Yes, KDE slows you down. Especially if it was:
1) Compiled with an old binutils (that doesn't combine relocation information), or loaded with an old ld.so (one that doesn't cache the last symbol resolution)
AND, if it was:
2) Not objprelinked. But objprelink works only on i386-class processors (Intel/AMD), and you can sometimes see a lot more segfaults than normal, so distributions are highly unlikely to enable this.
If it was prelinked, or if it was compiled with a newer binutils and you're using a newer ld.so, then you'll see less of a slowdown, but the fact is that KDE is pretty big, and therefore fairly slow. Gnome isn't much better.
twm doesn't have all the "desktop" functionality, it's a bare-minimum window manager. Actually, it's barely even that. It comes with X, so as long as you have X installed, you can use it if you want. To use it, create a .xinitrc file (the dot at the beginning is important) in your home directory, containing the following lines:
exec xterm -name login
When you exit out of the xterm named login, your X session will end. You will also have to place the xterm windows yourself when X starts up (there are no defaults, unless you pass a -geometry argument to xterm -- click the mouse to put them down somewhere), but if you're only going to be doing this to run a benchmark, I don't think it'd be a huge deal. When you want KDE back, mv the .xinitrc file to some other name, and restart X.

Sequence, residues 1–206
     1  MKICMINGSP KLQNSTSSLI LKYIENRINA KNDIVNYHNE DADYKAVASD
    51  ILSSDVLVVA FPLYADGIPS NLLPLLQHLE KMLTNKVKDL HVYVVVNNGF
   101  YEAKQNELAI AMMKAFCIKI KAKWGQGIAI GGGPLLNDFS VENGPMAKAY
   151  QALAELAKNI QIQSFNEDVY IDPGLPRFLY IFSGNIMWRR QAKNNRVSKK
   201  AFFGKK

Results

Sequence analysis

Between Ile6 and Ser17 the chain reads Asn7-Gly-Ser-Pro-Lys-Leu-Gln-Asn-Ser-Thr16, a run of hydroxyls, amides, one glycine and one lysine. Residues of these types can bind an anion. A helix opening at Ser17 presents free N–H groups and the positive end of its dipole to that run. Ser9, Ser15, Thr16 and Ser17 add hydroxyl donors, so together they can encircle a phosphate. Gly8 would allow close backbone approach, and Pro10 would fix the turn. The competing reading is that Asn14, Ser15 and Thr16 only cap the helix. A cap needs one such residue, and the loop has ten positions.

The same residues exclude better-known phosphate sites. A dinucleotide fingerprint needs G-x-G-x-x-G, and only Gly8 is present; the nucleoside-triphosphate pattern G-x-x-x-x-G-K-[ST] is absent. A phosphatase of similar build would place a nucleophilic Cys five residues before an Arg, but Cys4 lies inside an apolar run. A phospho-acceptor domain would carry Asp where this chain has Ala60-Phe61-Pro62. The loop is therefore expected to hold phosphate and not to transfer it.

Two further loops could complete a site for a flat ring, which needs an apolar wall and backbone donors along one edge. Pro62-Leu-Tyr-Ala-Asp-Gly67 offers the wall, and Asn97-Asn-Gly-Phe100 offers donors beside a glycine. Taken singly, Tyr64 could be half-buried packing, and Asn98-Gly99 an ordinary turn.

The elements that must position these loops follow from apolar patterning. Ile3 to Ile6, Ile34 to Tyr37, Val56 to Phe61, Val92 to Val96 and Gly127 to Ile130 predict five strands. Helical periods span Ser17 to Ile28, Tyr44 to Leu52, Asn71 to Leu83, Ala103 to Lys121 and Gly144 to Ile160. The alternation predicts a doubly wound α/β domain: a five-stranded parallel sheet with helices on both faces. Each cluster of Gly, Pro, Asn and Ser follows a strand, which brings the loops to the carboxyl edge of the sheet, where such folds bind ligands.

There are two X config files because XFree86 version 3 used an incompatible syntax to what XFree86 version 4 uses. So the XFree developers figured they'd make it look for its own syntax file first, then the old one if its version wasn't found. It's so you can have and use X 3 and X 4 on the same system.